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How to quantify your value on a resume

Recruiters admit they only need seven seconds to qualify a resume. And when the average corporate job opening attracts around 250 applications, it’s imperative to immediately impress. And numbers get noticed fast!

Quantifying your achievements is a measurable way to demonstrate the value that you can be expected to bring to the position or project and the overall impact you’ll have on the organization. Here’s how to effectively use numbers on your resume to quantify your candidacy:

1. Use percentages
Percentages are important. Metrics can show the improvements you’ve made in your roles, so you’ll want to highlight the increases and decreases you’ve achieved. These percentages can include:

Targets achieved
“Increased website traffic via social media by X% within X days.”

Service provision
“Decreased escalations by X% within X days.”

Costs saved
“Reduced department spending by X% within first X days.”

2. Add budgets 
Demonstrating how you’ve managed budgets shows your bottom line decision making capabilities. Including budget numbers for previous projects shows the size and complexity of the ones you’ve managed or participated in. Moreover, you can also include whether you delivered your project on or under budget.

Budget responsibility
“Led Project X with a budget of $X, resulting in X% increase in sales.”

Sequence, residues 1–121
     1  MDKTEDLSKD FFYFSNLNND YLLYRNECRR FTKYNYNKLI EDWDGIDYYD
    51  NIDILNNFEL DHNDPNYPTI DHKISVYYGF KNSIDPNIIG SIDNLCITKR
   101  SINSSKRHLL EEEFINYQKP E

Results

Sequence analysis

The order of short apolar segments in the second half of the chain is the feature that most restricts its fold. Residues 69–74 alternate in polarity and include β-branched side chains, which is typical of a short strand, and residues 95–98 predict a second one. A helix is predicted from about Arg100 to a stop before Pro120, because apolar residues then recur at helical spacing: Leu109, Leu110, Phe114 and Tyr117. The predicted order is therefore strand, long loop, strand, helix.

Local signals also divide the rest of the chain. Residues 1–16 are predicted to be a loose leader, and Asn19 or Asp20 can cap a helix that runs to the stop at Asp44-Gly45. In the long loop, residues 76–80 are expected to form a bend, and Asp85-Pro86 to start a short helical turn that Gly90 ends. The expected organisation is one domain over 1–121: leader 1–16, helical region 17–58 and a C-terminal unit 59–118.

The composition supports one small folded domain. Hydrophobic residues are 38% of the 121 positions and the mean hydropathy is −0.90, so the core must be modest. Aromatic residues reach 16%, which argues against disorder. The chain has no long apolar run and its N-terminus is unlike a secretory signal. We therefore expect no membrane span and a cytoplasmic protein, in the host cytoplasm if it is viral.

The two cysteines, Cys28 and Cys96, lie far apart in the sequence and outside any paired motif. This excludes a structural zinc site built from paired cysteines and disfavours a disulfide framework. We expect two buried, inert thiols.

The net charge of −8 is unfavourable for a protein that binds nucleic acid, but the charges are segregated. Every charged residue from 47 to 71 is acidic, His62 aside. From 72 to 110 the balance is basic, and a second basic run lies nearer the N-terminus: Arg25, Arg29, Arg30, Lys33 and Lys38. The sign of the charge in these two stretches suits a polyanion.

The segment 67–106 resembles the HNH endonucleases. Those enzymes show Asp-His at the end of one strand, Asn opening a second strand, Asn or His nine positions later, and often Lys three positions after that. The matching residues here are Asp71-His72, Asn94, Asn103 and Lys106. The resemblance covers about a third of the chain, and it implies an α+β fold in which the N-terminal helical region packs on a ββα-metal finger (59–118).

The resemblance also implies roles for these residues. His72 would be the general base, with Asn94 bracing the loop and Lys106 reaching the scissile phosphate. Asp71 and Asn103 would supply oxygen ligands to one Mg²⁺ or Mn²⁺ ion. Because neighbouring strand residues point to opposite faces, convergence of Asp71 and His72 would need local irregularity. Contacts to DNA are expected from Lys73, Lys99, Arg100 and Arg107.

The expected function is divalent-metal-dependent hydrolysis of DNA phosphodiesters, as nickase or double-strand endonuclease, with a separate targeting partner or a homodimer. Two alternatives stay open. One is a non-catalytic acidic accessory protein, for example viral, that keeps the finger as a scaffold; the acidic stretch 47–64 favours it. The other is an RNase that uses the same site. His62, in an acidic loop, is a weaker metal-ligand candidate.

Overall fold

3. Stress time saved
Time is valuable, and what you do with it matters — to you, your employer and colleagues. Highlighting the following on your resume will demonstrate how you’re using yours wisely:

Completion dates
“Delivered a transformation program X months ahead of schedule.”

Time saving processes
“Implemented new customer service process, saving staff an hour per day.”

4. State sizes
Stats on size can give a potential employer insights into the different sized companies you’ve worked with and the amount of work you can handle. Show sizes of:

Portfolio
“Managed a customer base of X clients.”

Teams
“Lead a department team of X staff members”

Project
“Managed a $X expansion project across X location.”

5. Include locations 
If potential employers can see where you’ve been, it can give them a better idea of where you can go. So, you’ll want to highlight your geographical impact by including:

Countries and cities
Trained new employees across X countries/cities.”

Offices
Managed regional sales teams across x offices.”

Metrics matter on a resume, and you need them on yours if you want hiring teams to decide to move on with your application and not dismiss your candidacy.     

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